Explain Atticus's views on equality in To Kill a Mockingbird.

In To Kill a Mockingbird, Atticus views everyone as equal, regardless of race, gender, social class, or ethnicity. Atticus champions equality by exercising tolerance, sympathizing with others, and challenging Maycomb's prejudiced culture. He treats the poor Cunninghams with respect, considers Calpurnia an integral member of his family, and valiantly defends Tom Robinson in front of a prejudiced jury. Atticus does not judge others by their differences or opinions and treats people with the respect they deserve.

Expert Answers

An illustration of the letter 'A' in a speech bubbles

In Harper Lee's classic novel To Kill a Mockingbird, Atticus Finch is depicted as a morally upright, fair man who champions equality and practices the Golden Rule. Atticus views everyone as equal, regardless of race, gender, social status, or ethnicity. Atticus's actions and words reveal his views on equality, and he treats others the way he would want to be treated. Atticus sympathizes with Walter Cunningham's financial difficulties and goes out of his way to barter with Walter in exchange for his services. Atticus also treats Walter's son with respect when he comes over for lunch and reprimands Scout for speaking to him disparagingly. His willingness to exercise tolerance also reveals his views regarding equality. Atticus does not judge racist individuals like Mrs. Dubose and is quick to forgive Mr. Cunningham by telling his children that we all have "blind spots." Atticus even encourages his children to treat their reclusive neighbor with the respect he deserves by staying off Boo 's...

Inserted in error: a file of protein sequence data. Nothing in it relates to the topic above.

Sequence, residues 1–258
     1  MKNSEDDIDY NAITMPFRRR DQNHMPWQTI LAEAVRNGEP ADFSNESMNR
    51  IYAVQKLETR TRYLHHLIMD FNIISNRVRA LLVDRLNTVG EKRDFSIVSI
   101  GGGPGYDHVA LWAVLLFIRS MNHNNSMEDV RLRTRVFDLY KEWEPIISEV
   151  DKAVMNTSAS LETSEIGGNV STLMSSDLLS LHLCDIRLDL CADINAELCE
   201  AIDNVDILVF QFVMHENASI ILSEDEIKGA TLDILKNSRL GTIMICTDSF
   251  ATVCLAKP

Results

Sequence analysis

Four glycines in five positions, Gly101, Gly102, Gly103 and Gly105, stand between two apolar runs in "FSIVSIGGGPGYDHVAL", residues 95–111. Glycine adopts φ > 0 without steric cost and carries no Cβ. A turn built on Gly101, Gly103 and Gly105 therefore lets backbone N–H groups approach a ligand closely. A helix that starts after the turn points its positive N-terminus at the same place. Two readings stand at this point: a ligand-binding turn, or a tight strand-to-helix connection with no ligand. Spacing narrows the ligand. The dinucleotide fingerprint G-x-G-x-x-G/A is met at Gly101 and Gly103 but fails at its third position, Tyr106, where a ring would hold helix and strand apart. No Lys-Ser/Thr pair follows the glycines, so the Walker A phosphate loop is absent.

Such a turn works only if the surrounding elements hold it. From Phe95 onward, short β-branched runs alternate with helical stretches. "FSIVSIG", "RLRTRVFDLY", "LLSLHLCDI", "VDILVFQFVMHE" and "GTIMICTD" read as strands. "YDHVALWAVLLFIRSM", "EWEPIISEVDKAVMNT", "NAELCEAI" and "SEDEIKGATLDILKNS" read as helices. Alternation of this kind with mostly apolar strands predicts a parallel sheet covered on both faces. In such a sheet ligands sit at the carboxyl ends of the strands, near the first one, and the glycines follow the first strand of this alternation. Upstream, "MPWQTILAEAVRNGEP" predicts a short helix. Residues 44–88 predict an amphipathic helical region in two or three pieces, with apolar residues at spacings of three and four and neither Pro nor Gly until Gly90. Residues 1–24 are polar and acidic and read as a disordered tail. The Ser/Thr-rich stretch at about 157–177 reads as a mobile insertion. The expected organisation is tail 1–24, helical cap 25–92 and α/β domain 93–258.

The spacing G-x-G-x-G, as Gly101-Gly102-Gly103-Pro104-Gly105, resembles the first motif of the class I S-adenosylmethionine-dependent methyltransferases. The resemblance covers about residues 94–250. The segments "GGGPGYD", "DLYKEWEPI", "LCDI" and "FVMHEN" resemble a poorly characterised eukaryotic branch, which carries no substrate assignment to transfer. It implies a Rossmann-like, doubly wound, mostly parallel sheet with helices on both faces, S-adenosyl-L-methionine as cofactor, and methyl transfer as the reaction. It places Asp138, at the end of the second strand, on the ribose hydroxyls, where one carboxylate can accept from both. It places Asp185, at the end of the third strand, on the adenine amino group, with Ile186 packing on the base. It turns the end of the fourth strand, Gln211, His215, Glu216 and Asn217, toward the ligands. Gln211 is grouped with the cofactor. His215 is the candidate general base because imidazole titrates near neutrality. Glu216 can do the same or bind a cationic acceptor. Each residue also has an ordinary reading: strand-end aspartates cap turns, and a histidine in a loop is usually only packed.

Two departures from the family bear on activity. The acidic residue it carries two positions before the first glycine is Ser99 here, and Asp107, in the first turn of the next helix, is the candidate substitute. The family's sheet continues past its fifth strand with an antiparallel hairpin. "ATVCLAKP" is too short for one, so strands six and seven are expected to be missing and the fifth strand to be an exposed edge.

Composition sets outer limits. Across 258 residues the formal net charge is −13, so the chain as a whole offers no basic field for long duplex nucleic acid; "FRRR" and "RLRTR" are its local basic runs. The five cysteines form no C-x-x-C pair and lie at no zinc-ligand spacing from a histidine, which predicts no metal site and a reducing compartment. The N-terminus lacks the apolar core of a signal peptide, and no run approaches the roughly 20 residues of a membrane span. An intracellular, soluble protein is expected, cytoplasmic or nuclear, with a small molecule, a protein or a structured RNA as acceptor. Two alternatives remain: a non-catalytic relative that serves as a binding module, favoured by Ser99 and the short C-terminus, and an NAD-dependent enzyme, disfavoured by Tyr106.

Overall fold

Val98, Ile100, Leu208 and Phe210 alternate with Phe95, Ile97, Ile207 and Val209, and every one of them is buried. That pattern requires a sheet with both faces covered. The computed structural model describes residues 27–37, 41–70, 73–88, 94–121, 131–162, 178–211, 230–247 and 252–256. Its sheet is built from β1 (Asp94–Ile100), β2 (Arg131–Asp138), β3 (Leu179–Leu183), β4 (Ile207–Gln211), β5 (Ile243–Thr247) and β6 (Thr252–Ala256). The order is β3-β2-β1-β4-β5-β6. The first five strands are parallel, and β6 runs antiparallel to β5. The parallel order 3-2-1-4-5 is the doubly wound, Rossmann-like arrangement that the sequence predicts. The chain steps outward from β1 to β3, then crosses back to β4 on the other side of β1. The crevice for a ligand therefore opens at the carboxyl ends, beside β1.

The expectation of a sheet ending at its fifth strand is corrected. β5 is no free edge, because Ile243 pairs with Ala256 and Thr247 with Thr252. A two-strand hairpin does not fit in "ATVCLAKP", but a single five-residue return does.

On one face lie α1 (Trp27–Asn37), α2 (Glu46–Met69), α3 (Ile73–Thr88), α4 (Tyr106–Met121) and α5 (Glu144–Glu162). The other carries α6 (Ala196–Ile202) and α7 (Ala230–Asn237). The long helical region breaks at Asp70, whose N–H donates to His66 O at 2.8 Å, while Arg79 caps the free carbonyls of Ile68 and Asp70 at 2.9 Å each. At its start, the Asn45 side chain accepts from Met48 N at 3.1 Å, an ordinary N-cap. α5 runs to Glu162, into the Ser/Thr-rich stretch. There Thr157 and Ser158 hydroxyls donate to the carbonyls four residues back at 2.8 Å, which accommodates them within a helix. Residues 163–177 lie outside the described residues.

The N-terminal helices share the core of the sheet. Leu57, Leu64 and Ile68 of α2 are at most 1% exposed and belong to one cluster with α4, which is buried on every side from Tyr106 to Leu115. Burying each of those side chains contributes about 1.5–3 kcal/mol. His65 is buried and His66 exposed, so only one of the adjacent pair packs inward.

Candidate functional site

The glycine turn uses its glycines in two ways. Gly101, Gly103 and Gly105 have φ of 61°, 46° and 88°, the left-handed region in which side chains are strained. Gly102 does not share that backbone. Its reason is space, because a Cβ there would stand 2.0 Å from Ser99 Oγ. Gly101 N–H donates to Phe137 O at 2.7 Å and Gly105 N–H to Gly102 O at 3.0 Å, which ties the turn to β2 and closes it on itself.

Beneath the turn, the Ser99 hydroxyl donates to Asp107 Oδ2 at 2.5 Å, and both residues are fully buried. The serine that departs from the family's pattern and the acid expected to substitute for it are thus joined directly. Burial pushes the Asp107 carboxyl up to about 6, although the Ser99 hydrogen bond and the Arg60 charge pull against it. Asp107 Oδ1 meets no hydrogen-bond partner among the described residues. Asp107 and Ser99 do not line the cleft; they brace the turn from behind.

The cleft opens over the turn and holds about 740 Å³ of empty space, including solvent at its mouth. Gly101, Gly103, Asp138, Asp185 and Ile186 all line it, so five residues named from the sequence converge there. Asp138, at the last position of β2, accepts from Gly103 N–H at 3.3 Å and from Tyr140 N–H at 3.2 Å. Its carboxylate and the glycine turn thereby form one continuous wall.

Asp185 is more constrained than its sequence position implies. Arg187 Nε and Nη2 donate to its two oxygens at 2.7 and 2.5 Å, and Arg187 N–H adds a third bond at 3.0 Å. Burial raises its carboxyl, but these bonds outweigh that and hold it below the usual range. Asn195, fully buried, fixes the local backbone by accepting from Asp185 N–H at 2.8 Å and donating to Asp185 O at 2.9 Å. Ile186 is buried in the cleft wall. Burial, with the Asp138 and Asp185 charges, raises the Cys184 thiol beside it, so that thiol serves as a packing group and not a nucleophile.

(The entire section contains 4 answers and 836 words.)

Unlock This Answer Now

Start your 48-hour free trial to unlock this answer and thousands more. Enjoy eNotes ad-free and cancel anytime.

Start your 48-Hour Free Trial
Last Updated by eNotes Editorial on